As part of hi-impact’s commitment to eSafety and safeguarding we fully support the government’s Prevent Strategy and have made a decision to offer free online support for all teaching professionals via this website. Our consultants and technical experts have worked with a number of our partners to offer the following information and resources.

There are hundreds of resources freely available online but after weeks of quality assurance, we have chosen to feature some of them below – collating them for easy access, all in one place. If you feel there is anything missing or have something you would like to see featured here to help other professionals then please let us know.


What is ‘Extremism’?

Extremist organisations can develop and popularise ideas which create an environment conducive to violent extremism and terrorism.

“In assessing the drivers of and pathways to radicalisation, the line between extremism and terrorism is often blurred. Terrorist groups of all kinds very often draw upon ideologies which have been developed, disseminated and popularised by extremist organisations that appear to be non-violent (such as groups which neither use violence nor specifically and openly endorse its use by others)”.
[Prevent Strategy 5.34]

“Terrorist groups can take up and exploit ideas which have been developed and sometimes popularised by extremist organisations which operate legally in this country. This has significant implications for the scope of our Prevent strategy. Evidence also suggests that some (but by no means all) of those who have been radicalised in the UK had previously participated in extremist organisations”
[Prevent Strategy – opening summary to chapter 5]

 “Schools can help to protect children from extremist and violent views in the same ways that they help to safeguard children from drugs, gang violence or alcohol. Schools’ work on Prevent needs to be seen in this context. The purpose must be to protect children from harm and to ensure that they are taught in a way that is consistent with the law and our values. Awareness of Prevent and the risks it is intended to address are both vital. Staff can help to identify, and to refer to the relevant agencies, children whose behaviour suggests that they are being drawn into terrorism or extremism”
[Prevent Strategy]

What is Prevent Strategy?

The Prevent strategy is a government strategy designed to stop people becoming terrorists or supporting terrorism. It:

responds to the ideological challenge we face from terrorism and aspects of extremism, and the threat we face from those who promote these views

provides practical help to prevent people from being drawn into terrorism and ensure they are given appropriate advice and support

works with a wide range of sectors (including education, criminal justice, faith, charities, online and health)

Online Training

This e-learning course includes information on how Channel links to the government’s counter-terrorism strategy (CONTEST) through the Prevent strategy.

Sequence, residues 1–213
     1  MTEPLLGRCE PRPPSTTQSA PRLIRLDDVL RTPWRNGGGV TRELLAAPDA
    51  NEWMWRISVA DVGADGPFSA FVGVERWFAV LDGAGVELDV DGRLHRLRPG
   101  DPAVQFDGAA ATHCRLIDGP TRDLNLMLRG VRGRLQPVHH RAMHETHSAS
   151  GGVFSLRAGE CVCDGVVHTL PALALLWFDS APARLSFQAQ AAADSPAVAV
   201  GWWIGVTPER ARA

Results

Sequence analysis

It provides guidance on how to identify people who may be vulnerable to radicalisation and how to refer them into the Channel programme.

There are case studies to help you understand the process of identifying and referring vulnerable individuals, in addition to providing them with support, and provides you with a fundamental understanding of Channel. It takes approximately 25 minutes to complete and you need to click on all the boxes/numbers to complete fully and you can print off a certificate when finished.




  • the student/pupil is distanced from their cultural /religious heritage and experiences;
  • discomfort about their place in society;
  • personal Crisis – the student/pupil may be experiencing family tensions;
  • a sense of isolation;
  • low self-esteem;
  • they may have dissociated from their existing friendship group and become involved with a new and different group of friends;
  • they may be searching for answers to questions about identity, faith and belonging.


  • migration;
  • local community tensions; and
  • events affecting the student/pupil’s country or region of origin may contribute to a sense of grievance that is triggered by personal experience of racism or discrimination or aspects of Government policy


  • the student/pupil may have perceptions of injustice;
  • a feeling of failure;
  • rejection of civic life;


  • involvement with criminal groups
  • imprisonment; and
  • poor resettlement/reintegration on release


  • social interaction
  • empathy with others
  • understanding the consequences of their actions; and awareness of the motivations of others


  • being in contact with extremist recruiters;
  • accessing violent extremist websites, especially those with a social networking element;
  • possessing or accessing violent extremist literature;
  • using extremist narratives and a global ideology to explain personal disadvantage;
  • justifying the use of violence to solve societal issues;
  • joining or seeking to join extremist organisations; and
  • significant changes to appearance and/or behaviour;
  • experiencing a high level of social isolation, resulting in issues of identity crisis and/or personal crisis.


The importance of online safety is widely recognised today, but is perceived by many as a daunting topic. Particularly in the field of extremism and radicalisation, parents may be open to guidance from their child’s school. Choose a question from the following to see Sara Khan’s advice:


Schools are now required by law to take measures to protect their pupils from extremism, and all staff (not only teachers) can expect to be challenged on this by Ofsted. Here Sara Khan addresses the concerns schools may have about this new responsibility. Choose from the following to see Sara’s advice:

Thanks to staff at LGFL for these great resources made available for all teachers. The extremely useful counter extremism videos are from LGFL & Sarah Khan.